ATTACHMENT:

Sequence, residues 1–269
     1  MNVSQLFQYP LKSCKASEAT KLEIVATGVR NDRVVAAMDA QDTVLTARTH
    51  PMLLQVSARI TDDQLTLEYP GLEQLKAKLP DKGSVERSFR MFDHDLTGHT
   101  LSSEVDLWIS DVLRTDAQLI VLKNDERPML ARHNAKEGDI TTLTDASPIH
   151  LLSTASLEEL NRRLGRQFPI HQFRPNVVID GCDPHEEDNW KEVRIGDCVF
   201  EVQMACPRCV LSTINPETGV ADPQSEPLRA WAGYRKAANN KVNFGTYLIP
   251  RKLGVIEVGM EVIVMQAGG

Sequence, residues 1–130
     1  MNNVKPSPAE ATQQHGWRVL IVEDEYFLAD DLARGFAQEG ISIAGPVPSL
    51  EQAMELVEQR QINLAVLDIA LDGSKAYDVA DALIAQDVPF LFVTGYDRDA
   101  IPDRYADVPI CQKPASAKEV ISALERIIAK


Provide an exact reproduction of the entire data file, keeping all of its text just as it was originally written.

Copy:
Sequence, residues 1–269
     1  MNVSQLFQYP LKSCKASEAT KLEIVATGVR NDRVVAAMDA QDTVLTARTH
    51  PMLLQVSARI TDDQLTLEYP GLEQLKAKLP DKGSVERSFR MFDHDLTGHT
   101  LSSEVDLWIS DVLRTDAQLI VLKNDERPML ARHNAKEGDI TTLTDASPIH
   151  LLSTASLEEL NRRLGRQFPI HQFRPNVVID GCDPHEEDNW KEVRIGDCVF
   201  EVQMACPRCV LSTINPETGV ADPQSEPLRA WAGYRKAANN KVNFGTYLIP
   251  RKLGVIEVGM EVIVMQAGG

Sequence, residues 1–130
     1  MNNVKPSPAE ATQQHGWRVL IVEDEYFLAD DLARGFAQEG ISIAGPVPSL
    51  EQAMELVEQR QINLAVLDIA LDGSKAYDVA DALIAQDVPF LFVTGYDRDA
   101  IPDRYADVPI CQKPASAKEV ISALERIIAK